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Colorful Signs Spring Up on South Street Amid Host of Safety Improvements

By Allegra Hobbs | October 17, 2016 3:06pm
 'We Call This Place Home
'We Call This Place Home" features colorful shapes representing community - some representative, like a heart, and others more abstract.
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DNAinfo/Allegra Hobbs

LOWER EAST SIDE — A colorful new art installation along South Street beneath the FDR overpass, designed in collaboration with more than 100 neighbors, is hoping to shine a light on the unique diversity and energy of the Lower East Side community — amid a push to improve safety.

The "We Call This Place Home" installation was unveiled Monday by the Department of Transportation, the Hester Street Collaborative and State Sen. Daniel Squadron in conjunction with a handful of safety improvements to the stretch of South Street near Clinton Street.

The outdoor exhibition comes alongside several safety improvements to the intersection at Clinton and South Streets, identified by DOT and elected officials as a particularly hazardous spot for pedestrians and bicyclists due to the lack of traffic signals for oncoming cars.

The DOT added signals and a crosswalk across South Street, allowing safe passage for pedestrians and cyclists, as well as a new 6-foot concrete median separating an existing bike lane from vehicular traffic.

As DOT planned to put in the much-needed safety improvements, Squadron suggested beautifying the corridor as well — in response, DOT and the Hester Street Collaborative put out a call for artistic proposals in January.

Artists Chat Travieso and Samuel Holleran's community-centric pitch was the winner.

"These artists came up with an idea that isn't just beautiful, but also literally engages the community," said Squadron. "As I say, it's the trifecta: More safety, more beauty, and more community engagement."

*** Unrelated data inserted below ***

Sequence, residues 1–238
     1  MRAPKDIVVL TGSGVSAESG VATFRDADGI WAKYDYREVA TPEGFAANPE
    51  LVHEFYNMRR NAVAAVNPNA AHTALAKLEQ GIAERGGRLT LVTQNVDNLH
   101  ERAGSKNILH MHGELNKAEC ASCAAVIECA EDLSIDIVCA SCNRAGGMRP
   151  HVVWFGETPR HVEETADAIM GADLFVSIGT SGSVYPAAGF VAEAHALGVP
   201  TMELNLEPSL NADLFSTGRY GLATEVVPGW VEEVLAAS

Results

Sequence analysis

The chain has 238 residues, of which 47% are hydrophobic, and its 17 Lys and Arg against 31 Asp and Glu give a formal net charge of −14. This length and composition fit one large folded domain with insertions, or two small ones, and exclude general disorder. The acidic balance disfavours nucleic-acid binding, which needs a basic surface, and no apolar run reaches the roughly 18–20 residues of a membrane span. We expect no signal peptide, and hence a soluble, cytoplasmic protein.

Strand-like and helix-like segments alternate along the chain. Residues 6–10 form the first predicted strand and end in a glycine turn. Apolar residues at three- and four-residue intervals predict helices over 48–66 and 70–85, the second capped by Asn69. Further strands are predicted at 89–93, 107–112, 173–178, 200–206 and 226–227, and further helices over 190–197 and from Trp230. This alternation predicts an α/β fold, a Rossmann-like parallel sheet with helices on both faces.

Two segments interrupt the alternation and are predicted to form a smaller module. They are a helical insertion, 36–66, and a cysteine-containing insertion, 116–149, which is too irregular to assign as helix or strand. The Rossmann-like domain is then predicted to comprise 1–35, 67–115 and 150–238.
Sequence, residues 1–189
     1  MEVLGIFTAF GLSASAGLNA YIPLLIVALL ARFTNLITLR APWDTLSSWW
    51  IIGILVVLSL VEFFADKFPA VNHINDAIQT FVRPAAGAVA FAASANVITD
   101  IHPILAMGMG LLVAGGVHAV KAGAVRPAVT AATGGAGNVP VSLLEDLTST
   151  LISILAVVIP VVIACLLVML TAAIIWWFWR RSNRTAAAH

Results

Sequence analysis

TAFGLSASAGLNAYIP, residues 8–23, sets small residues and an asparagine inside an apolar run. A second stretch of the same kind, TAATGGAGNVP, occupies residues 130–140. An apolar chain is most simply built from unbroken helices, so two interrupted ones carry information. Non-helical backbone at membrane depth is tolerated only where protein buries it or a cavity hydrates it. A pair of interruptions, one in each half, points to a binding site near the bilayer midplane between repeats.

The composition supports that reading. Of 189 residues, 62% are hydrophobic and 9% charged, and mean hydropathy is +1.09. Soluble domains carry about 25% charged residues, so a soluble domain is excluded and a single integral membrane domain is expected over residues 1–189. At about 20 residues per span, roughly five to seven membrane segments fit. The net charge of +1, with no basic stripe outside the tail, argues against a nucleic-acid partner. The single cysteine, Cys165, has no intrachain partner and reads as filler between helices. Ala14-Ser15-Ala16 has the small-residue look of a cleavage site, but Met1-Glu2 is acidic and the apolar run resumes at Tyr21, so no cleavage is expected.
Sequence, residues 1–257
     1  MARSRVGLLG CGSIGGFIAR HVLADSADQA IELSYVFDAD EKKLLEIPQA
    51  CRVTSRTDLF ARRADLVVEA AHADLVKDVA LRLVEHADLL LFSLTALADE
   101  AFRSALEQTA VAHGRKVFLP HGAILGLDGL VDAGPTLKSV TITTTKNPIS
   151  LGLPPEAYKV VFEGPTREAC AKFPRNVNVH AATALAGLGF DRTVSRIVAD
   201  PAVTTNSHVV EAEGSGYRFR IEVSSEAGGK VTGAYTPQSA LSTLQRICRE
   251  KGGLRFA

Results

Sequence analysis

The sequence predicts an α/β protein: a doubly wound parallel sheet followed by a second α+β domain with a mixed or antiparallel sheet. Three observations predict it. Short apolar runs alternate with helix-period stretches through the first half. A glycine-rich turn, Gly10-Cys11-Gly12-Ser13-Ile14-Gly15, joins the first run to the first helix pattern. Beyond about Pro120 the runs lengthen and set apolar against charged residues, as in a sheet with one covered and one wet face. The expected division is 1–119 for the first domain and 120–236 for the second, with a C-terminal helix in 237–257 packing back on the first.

Artists worked closely with the community throughout the design process by soliciting feedback outside nearby housing developments and organizing workshops with kids in local after-school programs.

Beginning with a conversation about the meaning of community, Travieso and Holleran asked neighbors to create shapes, some more abstract than others, that embodied what community meant to them.

The result is 116 deeply personal slices of community life, Travieso said.

"It became about each one of the shapes being almost like an avatar for a person who lives here," said Travieso, who worked with Holleran to render colorful shapes in plywood for the project. "Thousands of people live here, of course, but we felt 116, which is the amount we ended up with in the end, is a representation of the great diversity and great life and energy that's here.

"Basically what we want is for people who live here to look out their window and point and say, 'I made that,' or 'My daughter made that.'"

The installation is part of the DOT Art Program, which has partnered with local organizations to bring over 220 temporary art installations to public spaces throughout the boroughs.